removing IP-address autodetection, Tor integration

meejah meejah at
Mon Jun 29 19:07:24 UTC 2015

David Stainton <dstainton415 at> writes:

> I think Tahoe-LAFS "default Tor quickstart" settings would include
> configuration parameters specifying to use a txtorcon launched tor
> process. More advanced users may specify tahoe.cfg parameters to
> utilize the tor control port of an existing tor process.

>From txtorcon's perspective, my goal is to make it easy to get a
*working* Tor connection (client or server) with sane and documented
defaults. This means, worst-case, launching our own Tor process
(client-side or server-side).

Advanced users (of txtorcon) can choose explicitly (e.g. if system-tor
fails, just fail).

> If the Tahoe-LAFS storage operator uses an existing tor process via
> the control port then does the txtorcon remove existing Tor hidden
> services when it adds it's own new hidden service? The old control
> port API is terrible and hard to use... does txtorcon use the new
> ephemeral hidden service control port API?

Currently, it does not use the new API yet out-of-the-box for onion: or
tor: endpoints. However, it will -- that will be the default:

1. try system tor (with ephemeral API)
2. if that fails, launch our own tor
3. if that fails, fail.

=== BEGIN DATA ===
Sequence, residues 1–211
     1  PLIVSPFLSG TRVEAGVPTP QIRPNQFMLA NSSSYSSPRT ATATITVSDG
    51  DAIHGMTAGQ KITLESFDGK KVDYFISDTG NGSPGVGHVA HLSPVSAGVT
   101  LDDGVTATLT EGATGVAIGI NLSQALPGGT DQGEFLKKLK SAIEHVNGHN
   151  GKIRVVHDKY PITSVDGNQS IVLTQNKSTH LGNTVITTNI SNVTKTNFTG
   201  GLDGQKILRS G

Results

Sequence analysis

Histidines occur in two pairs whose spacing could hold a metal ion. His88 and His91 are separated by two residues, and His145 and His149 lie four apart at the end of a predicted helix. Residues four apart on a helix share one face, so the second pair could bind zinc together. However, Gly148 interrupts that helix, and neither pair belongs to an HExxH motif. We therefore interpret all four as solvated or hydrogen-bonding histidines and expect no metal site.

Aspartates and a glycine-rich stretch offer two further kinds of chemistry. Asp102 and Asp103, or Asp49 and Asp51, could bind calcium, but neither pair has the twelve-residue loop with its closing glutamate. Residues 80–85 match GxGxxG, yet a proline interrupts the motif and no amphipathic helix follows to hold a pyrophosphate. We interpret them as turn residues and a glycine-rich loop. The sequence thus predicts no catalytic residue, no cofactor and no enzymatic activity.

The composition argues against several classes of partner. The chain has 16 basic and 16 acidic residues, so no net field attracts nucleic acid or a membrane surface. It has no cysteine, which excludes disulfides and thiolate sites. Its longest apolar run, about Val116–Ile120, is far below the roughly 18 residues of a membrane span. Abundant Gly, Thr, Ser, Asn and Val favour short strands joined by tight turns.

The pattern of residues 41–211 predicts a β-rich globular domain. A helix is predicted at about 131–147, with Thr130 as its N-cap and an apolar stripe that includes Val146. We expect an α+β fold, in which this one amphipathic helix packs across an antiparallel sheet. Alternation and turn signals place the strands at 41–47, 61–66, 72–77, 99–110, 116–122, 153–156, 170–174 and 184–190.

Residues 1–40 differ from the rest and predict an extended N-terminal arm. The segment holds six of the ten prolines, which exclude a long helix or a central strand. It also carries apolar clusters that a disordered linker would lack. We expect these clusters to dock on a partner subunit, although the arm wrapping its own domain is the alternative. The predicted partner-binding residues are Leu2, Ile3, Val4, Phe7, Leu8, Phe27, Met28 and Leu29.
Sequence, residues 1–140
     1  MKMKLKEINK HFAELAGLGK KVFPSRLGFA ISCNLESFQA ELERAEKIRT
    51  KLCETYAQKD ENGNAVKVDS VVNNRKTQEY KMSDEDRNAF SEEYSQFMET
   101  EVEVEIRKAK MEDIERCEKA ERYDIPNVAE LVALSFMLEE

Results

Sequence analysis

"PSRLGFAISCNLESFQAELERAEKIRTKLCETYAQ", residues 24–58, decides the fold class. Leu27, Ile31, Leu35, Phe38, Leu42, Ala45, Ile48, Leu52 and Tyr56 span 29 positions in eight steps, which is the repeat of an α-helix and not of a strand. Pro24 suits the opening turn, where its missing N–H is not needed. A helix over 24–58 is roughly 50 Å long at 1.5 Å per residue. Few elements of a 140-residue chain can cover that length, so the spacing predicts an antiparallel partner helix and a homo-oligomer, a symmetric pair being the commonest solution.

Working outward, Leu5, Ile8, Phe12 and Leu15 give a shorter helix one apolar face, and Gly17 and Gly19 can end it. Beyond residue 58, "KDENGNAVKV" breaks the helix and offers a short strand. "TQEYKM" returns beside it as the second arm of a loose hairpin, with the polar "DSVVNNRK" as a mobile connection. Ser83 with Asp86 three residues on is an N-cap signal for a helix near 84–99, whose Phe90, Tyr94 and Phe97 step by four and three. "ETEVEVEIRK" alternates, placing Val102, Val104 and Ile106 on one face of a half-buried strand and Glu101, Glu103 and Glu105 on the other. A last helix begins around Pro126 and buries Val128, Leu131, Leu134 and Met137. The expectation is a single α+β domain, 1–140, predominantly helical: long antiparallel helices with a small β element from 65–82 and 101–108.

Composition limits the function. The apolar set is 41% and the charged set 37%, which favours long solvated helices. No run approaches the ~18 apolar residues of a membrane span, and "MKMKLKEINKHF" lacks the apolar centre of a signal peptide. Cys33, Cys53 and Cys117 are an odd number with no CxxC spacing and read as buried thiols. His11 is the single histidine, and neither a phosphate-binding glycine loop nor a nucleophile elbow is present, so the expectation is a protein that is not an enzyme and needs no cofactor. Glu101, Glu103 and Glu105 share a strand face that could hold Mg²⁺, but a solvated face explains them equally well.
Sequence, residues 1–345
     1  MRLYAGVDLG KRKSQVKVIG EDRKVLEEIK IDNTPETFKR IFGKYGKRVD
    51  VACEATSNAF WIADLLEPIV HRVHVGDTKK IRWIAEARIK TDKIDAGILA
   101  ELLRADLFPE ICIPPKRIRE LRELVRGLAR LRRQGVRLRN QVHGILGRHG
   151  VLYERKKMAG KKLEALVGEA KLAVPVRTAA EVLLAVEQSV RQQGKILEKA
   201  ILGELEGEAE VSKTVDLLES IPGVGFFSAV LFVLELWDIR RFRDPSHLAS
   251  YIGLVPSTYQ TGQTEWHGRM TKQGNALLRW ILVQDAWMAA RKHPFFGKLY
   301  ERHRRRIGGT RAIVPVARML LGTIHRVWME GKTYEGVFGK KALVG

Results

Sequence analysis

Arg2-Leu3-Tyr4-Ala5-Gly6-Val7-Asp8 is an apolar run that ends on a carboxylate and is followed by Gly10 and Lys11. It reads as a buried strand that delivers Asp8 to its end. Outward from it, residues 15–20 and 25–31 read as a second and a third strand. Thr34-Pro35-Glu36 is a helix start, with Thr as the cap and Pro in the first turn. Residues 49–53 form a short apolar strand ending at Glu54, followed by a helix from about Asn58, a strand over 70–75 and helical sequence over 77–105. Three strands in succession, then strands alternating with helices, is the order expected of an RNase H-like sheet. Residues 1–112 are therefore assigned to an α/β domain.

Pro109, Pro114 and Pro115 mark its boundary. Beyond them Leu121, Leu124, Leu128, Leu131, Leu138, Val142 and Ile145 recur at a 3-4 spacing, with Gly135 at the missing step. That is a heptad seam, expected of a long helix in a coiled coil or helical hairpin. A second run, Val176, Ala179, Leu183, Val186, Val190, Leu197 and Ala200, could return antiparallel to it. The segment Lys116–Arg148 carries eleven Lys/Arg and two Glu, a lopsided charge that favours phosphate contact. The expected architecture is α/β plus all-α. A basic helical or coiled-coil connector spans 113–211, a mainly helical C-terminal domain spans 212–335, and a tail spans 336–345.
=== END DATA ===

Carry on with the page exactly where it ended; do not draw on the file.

Step 2 above uses a private tempdir (honouring TMPDIR) which goes away
when txtorcon shuts down (via reactor hooks), including any key material
generated -- with the caveat that of course it was on whatever
filesystem TMPDIR pointed to...

> I believe there was some discussion on the tor-dev mailing list about
> that a while back and someone mentioned sending key material through
> the control port for a given onion service.

So, there are some nice features of the "ephemeral" API: 

1. if your control connection goes away, the onion key material vanishes
2. you can retrieve and/or set the private key (i.e. you can use the
   "ephemeral" API to make a permamnent service -- but then you get to do
   key management).

Therefore you can imagine the "ephemeral onion API" more like "client
controls the key material" where one of the choices is "this is
temporary, make it go away when the control connection closes".

So, for example, it would be possible for Tahoe to manage the onion
private keys -- ultimately any API in txtorcon for ephemeral onions will
support passing in the private key. The wisdom of this is left as an
exercise for the reader ;) the main use-case I guess being using a
non-filesystem storage mechanism (since Tor only uses the filesystem to
manage keys).


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